Tuesday of the First Week of Lent
I love the Our Father, and there is so much to love in it.
Like the phrase “hallowed be thy name.” What a great command. That the Lord’s name would be hallowed—that is, treated as truly holy, mysterious, altogether other than us, and good beyond our imagining. Instead, so often the Lord’s name is mobilized or even weaponized by Christians who are far too confident that they have figured out the will of God and are absolutely certain that God is on their side.
Or the phrases “your kingdom come; your will be done.” Not our kingdom come; our will be done. Your kingdom, your will—again, how often are Christians convinced that they know the mind of God, God’s intentions, what God loves and what God hates. When Jesus saw fit to teach us how to pray, he was clear that we are to pray not for our visions of the future but for God’s—a vision that we might know something about (thanks to the glimpse God gave us through Jesus’ life and teachings) but that we don’t know all about because, again, God is not us. God has His own plans.
Or the plea that God would give us this day our daily bread—a plea that recognizes our utter dependency on God for what we need to be sustained. We like to imagine that we are in control of all that—that we can make sure we have what we need to sustain and protect our loved ones and ourselves. But, the fact is, we don’t. Or, even if we do today, there is no guarantee that we will tomorrow. Our economic situations can turn on a dime with a plant closing, corporate strategy shift, sharp downturn in the markets, and a whole host of other contingencies.
In short, when Jesus teaches us to pray he calls us again and again to be humble about what we think we know about the mind of God, God’s will, and God’s kingdom. The truth is, we don’t know. And so, we ought to pray.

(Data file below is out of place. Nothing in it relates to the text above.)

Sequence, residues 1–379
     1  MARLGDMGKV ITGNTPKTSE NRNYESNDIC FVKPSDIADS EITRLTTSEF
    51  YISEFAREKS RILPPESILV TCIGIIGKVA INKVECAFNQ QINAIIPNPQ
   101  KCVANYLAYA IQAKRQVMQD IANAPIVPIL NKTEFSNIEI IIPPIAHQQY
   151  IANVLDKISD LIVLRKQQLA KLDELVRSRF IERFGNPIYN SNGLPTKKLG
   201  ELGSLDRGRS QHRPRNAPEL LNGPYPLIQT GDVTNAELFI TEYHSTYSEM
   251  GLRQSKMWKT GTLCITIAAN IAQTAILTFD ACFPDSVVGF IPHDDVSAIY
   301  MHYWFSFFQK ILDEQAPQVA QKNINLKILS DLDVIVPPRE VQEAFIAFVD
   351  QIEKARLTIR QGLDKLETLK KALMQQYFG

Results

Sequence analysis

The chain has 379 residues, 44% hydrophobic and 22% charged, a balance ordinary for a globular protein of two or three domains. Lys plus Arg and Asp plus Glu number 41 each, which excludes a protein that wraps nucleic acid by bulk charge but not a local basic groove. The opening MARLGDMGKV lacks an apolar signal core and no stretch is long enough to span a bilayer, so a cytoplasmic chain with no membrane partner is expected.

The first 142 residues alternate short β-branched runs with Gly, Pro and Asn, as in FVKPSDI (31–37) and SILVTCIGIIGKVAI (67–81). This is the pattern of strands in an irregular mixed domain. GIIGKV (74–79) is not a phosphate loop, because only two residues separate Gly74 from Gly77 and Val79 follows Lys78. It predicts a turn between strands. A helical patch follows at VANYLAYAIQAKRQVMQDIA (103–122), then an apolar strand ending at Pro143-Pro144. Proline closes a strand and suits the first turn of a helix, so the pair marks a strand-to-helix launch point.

And then we come to the part about forgiveness. And I can’t ever pray the Our Father without remembering one of the most extraordinary acts of forgiveness I have ever known.
On October 2, 2006, Charles Carl Roberts IV walked into a one-room Amish school apparently intending to sexually molest the female students before killing them. His plan was thwarted by various interventions made by one of the teachers, some of the students, and the police. In the end, he shot 8 out of the 10 girls (between the ages of 6 and 13), killing 5. And then he killed himself.
The Amish community very quickly gathered around the schoolhouse to learn what had happened and offer comfort and condolences to grieving families and friends. One of the families to which they offered that and so much more was the family (in particular the wife and father) of the perpetrator. Members of the Amish community, including a grandfather of one of the girls who was killed, went to the house of Roberts’ wife, Marie Roberts, to tell her that they forgave her husband and her family for what had happened that day. Some Amish even attended her husband’s funeral, and she was invited to attend (and did) a funeral of one of the girls.
Why? Why did the Amish do this and, even more, so soon after the event? Why didn’t they insist on retribution—what so many would see as justice—for their lost children? How could they forgive like that?
The answer—because they take the Our Father absolutely seriously. For them, the Our Father could not be clearer. We are called to forgive. And only if we do so in this life can we hope for forgiveness from our Father in the next. They also engaged in profound acts of forgiveness and grace because they believe that it is not enough to hold certain beliefs—one must act on them. In acting on this belief that we must forgive, they offered a family, which was reeling from the shock that came with learning that a loved one had done the unthinkable, a way forward into God’s grace and healing.
For a whole host of reasons, I could never be Amish. That said, I pray that I may, like them, live the kind of forgiveness that makes God’s love and grace visible in the world. Amen.
- Sue Trollinger